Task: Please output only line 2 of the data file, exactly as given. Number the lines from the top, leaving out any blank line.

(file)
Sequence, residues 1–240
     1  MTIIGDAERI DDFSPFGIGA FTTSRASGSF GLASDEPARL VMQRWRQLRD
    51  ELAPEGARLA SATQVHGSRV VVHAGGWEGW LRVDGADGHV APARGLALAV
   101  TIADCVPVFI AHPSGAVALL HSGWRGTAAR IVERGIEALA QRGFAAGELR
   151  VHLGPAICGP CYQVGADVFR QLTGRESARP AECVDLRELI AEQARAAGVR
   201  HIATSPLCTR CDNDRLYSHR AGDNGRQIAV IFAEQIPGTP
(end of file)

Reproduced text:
     1  MTIIGDAERI DDFSPFGIGA FTTSRASGSF GLASDEPARL VMQRWRQLRD